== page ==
As we are talking about live shows and countries, your relationship with Japan differs from the other countries. What makes Japan so special for Arch Enemy?
Well, they were the first country to embrace us with open arms back in 1997, which was great, because up until 2001 or something we didn’t really tour much of the world, except some US and European tours. Japan was always there, we have quite popularity there, so they remain special for us. It’s something about the way Japanese people listen to music I think. There are a lot of fans there that listen to music the same way that I do, but except for the passion they pay attention to details a lot more than the rest of the world. They can go crazy during a song, but as soon as someone starts talking, the others are like “pay attention”, which is why they can also go a bit quiet in between songs. They are a different type of crowd, Japan is a wonderful country, and I’m glad I’ve been able to go there so many times and make a lot of friends.
Getting back to the music, are you going to release a new album in the near future?
Yeah, we’ve got a bunch of loose ideas that gradually come together as songs every time we rehearse. For example when we rehearse a live set, we get bored halfway and start playing new stuff instead (laughs). We have little pieces of music, there’s a constant writing process, but we just need a period of time and concentration so that we can actually turn them into whole songs.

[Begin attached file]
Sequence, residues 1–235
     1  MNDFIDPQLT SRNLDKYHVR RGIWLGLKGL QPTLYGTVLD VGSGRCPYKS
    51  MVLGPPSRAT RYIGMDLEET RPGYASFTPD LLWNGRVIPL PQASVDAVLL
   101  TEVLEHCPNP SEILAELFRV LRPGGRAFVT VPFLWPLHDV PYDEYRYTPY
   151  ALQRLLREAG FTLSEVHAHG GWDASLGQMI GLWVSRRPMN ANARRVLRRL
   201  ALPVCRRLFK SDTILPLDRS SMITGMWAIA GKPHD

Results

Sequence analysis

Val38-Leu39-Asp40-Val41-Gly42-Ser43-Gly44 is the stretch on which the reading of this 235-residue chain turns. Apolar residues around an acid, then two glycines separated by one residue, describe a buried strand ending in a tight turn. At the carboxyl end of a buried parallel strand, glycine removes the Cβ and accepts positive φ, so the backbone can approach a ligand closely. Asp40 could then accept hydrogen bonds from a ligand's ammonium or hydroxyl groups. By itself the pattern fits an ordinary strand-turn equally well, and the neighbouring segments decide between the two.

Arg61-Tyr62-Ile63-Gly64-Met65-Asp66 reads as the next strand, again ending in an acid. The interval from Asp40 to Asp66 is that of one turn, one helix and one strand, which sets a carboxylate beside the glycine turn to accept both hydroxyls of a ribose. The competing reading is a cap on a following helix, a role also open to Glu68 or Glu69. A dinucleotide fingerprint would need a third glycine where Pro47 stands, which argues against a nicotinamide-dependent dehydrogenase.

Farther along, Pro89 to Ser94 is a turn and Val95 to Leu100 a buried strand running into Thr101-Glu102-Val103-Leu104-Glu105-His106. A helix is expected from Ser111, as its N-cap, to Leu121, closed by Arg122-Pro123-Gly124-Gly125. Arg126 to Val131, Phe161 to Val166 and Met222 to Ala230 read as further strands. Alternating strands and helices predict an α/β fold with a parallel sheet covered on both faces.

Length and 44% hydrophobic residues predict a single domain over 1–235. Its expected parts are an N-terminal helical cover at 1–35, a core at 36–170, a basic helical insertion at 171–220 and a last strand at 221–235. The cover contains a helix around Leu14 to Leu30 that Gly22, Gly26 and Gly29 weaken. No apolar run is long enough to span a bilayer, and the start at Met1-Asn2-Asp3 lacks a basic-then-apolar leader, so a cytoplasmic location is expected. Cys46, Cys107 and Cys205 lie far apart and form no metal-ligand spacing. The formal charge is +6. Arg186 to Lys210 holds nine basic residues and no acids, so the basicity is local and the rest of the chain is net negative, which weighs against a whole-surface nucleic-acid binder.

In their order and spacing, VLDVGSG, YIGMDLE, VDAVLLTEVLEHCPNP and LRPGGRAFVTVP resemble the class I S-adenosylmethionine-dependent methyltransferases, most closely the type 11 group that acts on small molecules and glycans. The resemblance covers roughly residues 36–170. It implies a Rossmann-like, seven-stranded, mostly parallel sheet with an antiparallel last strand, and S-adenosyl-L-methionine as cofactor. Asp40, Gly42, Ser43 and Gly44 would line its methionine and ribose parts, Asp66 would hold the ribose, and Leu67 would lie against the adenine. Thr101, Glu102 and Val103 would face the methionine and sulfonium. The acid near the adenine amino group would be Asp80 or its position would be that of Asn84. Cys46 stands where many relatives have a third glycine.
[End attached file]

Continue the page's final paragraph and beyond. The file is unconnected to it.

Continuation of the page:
Can you tell us some words about how is it going to be or what could the fans expect from the new album?
It’s too early to tell, because there are so many different ideas and what’s going to turn into songs or be left behind. There are always ideas that we try to incorporate into songs and sometimes they don’t make it. A couple of albums later though, someone says “what about that riff?” so these ideas may come out of the drawer because they fit perfectly to a new song. They are small but still alive.
When do you think this new album will be out?
It’s very hard to say. A wild guess, I hope it will be out probably in early 2011.
Recently, Gus G., that you have been partners with some years ago, joined Ozzy Osbourne. Would you like to comment on this?
It’s great. I think he’s the perfect guy because he’s not only a good lead player, he’s also an extremely good rhythm player, which is needed if you’re the only player in such a guitar-driven outfit as Ozzy’s. Ozzy had always legendary guitar players, so Gus has pretty big shoes to fill, but I think he’s absolutely perfect for it. He’s one of the few young, aspiring guitar heroes that we have in this world. He has many roots, and if you consider his age and listen to what he has played, you’ll definitely think he is twice that age. He’s really good, we are very happy that he could help us out when we needed it, he did a great job, we also had him out in the US last year, but he always had his focus on Firewind.
Megadeth and Slayer recently released an album. Have you listened to them? Would you like to tell us your opinion?
Actually, I’ve only heard three songs of the new Slayer so far. I like it because it has a bit of an old school vibe in it. I need to sit down and listen to it more though, which is strange, because usually whenever a new Slayer album is out, I’m over it like a hawk. For some reason I’ve been busy and I wasn’t able to sit down and listen to it, but I hope I’ll finally pick it up one of these days and listen to it closely. The new Megadeth is good I think, It has brilliant production. David Mustaine is the perfect guy for them. Megadeth together with Slayer are bands that influenced Arch Enemy the most.
We are a few steps before the end of 00’s and our webzine is working on a big tribute about this. I would like to ask you how productive were this decade in your opinion for metal? Do you notice any highlights? Which are your favourite releases and bands of 00’s?